Back to Basics, Lockout-Tagout

Back to Basics: Lockout/Tagout

Back to Basics is a weekly feature that highlights important but possibly overlooked information that any EHS professional should know. This week, we examine lockout/tagout and OSHA’s recommendations for controlling hazardous energy.

Workers are exposed to hazardous energy in a number of different industries, especially during equipment and machinery maintenance and servicing. According to OSHA, the unexpected startup or release of stored energy that can happen during maintenance and servicing could result in serious injuries or fatalities. Proper lockout/tagout (LOTO) practices and procedures must be implemented to protect employees from the release of hazardous energy.

Hazardous energy

Hazardous energy is electrical, mechanical, pneumatic, chemical, thermal, or other sources of energy in equipment or machinery that have the potential to harm workers. OSHA says that workers who are servicing or maintaining machines with hazardous energy could be seriously injured or killed if the hazardous energy is not properly controlled. Injuries can include electrocution, burns, crushing, cutting, lacerating, amputating, or fracturing body parts.

Craft workers, electricians, machine operators, and laborers are among the 3 million workers who service equipment regularly and face the highest risk of injury. According to OSHA, compliance with the LOTO standard prevents an estimated 120 fatalities and 50,000 injuries each year. Examples of these kinds of injuries include a steam valve that is automatically turned on burning the repair workers, a jammed conveyor system releasing and crushing a worker, and internal wiring shorting and shocking the worker who is fixing the piece of equipment.

For employers

OSHA’s LOTO procedures are outlined in the Control of Hazardous Energy standard for general industry, and it contains the practices and procedures that employers should implement to keep their workers safe from the release of hazardous energy. The standard outlines the employer’s responsibility to protect employees from hazardous energy sources on machines and equipment during service and maintenance, says OSHA.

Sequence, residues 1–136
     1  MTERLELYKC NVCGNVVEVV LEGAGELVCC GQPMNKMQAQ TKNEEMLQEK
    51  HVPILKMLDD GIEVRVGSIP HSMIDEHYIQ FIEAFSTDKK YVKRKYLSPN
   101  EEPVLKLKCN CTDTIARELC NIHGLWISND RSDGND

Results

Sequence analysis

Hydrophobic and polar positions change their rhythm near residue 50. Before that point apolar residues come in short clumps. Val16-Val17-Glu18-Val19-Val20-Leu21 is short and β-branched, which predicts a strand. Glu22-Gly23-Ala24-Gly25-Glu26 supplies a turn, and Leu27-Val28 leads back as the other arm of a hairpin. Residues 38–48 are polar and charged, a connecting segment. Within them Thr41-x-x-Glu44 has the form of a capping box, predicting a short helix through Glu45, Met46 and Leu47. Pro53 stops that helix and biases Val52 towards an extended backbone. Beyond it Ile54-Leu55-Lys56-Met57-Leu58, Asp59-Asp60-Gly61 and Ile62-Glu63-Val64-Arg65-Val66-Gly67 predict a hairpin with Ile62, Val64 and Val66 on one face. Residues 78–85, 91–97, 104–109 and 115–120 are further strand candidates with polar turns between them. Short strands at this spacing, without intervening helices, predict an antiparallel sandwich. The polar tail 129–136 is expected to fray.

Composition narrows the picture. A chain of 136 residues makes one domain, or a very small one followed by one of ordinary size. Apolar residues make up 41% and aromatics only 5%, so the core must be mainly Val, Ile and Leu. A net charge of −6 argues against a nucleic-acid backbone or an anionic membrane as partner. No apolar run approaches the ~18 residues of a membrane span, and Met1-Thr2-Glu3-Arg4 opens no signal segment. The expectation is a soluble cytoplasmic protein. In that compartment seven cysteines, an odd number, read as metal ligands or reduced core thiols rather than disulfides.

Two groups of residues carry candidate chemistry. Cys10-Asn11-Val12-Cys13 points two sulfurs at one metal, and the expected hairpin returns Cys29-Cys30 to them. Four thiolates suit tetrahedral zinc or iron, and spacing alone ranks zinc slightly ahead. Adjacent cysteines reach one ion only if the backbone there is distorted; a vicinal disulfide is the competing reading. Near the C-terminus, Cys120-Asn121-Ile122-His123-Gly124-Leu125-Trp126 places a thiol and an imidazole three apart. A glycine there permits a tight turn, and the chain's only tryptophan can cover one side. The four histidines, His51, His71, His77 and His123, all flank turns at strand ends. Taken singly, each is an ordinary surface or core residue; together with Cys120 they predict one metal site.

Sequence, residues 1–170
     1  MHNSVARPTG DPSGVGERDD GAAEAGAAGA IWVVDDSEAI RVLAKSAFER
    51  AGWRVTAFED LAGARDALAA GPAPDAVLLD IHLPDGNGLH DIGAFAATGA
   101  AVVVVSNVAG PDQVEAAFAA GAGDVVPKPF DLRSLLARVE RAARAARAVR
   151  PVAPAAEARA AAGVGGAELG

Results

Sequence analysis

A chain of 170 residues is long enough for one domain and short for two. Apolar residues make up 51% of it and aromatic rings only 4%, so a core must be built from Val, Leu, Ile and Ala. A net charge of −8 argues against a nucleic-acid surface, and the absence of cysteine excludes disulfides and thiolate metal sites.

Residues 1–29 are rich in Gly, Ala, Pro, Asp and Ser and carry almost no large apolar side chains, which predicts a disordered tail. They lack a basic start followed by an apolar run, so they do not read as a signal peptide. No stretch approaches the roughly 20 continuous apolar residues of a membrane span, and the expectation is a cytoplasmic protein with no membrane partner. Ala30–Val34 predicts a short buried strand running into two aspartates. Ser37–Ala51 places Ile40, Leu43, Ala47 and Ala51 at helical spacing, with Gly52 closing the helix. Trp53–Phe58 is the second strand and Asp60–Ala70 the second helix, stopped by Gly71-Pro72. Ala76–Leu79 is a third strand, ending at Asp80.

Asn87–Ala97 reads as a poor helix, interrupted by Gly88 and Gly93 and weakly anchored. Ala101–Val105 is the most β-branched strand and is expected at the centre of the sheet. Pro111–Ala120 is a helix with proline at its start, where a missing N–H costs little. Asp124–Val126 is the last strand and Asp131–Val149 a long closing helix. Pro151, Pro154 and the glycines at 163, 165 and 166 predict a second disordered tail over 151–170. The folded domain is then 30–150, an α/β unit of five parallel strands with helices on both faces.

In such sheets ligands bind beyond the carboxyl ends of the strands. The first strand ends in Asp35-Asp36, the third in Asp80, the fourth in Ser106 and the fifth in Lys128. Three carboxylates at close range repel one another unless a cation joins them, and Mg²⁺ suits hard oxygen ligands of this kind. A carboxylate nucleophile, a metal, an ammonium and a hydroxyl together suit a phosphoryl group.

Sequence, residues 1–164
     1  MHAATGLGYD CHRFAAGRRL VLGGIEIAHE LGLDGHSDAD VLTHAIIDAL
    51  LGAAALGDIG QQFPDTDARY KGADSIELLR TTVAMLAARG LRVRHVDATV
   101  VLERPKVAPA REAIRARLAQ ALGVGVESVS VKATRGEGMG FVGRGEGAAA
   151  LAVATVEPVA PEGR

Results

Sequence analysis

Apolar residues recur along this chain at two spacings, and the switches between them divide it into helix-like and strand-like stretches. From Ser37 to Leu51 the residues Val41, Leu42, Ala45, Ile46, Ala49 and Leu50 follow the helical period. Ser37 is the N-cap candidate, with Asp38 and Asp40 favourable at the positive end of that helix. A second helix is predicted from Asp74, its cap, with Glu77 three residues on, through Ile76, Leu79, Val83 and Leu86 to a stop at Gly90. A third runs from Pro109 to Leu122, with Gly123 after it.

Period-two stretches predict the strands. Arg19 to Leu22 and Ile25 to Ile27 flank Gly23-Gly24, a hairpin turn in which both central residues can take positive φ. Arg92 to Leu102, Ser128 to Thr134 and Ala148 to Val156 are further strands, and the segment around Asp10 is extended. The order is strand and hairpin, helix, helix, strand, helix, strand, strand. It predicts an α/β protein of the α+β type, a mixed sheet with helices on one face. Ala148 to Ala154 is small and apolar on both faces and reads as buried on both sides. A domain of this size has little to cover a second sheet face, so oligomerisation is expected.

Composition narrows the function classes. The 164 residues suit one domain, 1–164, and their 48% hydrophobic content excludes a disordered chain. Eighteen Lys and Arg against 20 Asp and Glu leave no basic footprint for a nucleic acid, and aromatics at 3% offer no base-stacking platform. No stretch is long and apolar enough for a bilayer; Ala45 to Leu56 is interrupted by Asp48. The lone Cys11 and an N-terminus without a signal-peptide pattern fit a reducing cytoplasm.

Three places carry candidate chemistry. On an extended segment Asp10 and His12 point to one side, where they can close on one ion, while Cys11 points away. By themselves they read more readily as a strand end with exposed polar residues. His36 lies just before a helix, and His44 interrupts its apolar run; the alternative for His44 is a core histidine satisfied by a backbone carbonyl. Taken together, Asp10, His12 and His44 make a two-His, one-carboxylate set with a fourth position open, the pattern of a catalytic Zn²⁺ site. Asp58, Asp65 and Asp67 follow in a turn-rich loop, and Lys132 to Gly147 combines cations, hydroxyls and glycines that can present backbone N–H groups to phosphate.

Employers should develop an energy control program that serves the needs of the particular workplace and machines and equipment being serviced and maintained in that workplace. The program should consist of energy control procedures, employee training, and periodic inspections to ensure that before any servicing or maintenance is done on equipment that presents hazardous energy risks, the equipment is isolated from the energy source and rendered inoperative.

The appropriate lockout or tagout devices should be affixed to energy-isolating devices, and machines and equipment should be deenergized. Employers must determine which system is better to use in each situation. If an energy isolating device is capable of being locked out, then the energy control program should use a lockout system, unless they can demonstrate that a tagout system will provide full employee protection. If an energy isolating device is not capable of being locked out, employers must implement a tagout system, and if a tagout device is used on an energy isolating device that is capable of being locked out, the tagout device should be attached at the same location that the lockout device would have been attached.

Employers need to make sure that new or overhauled equipment is capable of being locked out. They should only choose LOTO devices that are authorized for the particular equipment or machinery present in the workplace, and ensure that the devices are durable, standardized, and substantial. LOTO devices should also be able to identify the individual users.

The established energy control procedures should be inspected at least annually, and employers must comply with the additional energy control provisions in OSHA standards when:

  • Machines or equipment must be tested or repositioned
  • Outside contractors work at the site
  • In group lockout situations
  • During shift or personnel changes

Employers should document, implement, and enforce energy control procedures and establish a policy that only permits the employee who installed a LOTO device to remove it.

Training

In terms of training, employees need to know, understand, and follow the applicable the provisions of the hazardous energy control procedures. Training must cover at least these three areas:

  • Aspects of the employer’s energy control program
  • Elements of the energy control procedure relevant to the employee’s duties or assignment
  • The various requirements of the OSHA standards related to LOTO

All employees who are authorized to lockout machines or equipment and perform the service and maintenance operations need to be able to recognize the applicable hazardous energy sources in their workplace, the type and magnitude of energy, and the means and methods of isolating and controlling the energy. Employers should also retrain all employees to maintain proficiency and to introduce new or changed control methods.  

For the full OSHA standard for lockout/tagout, click here.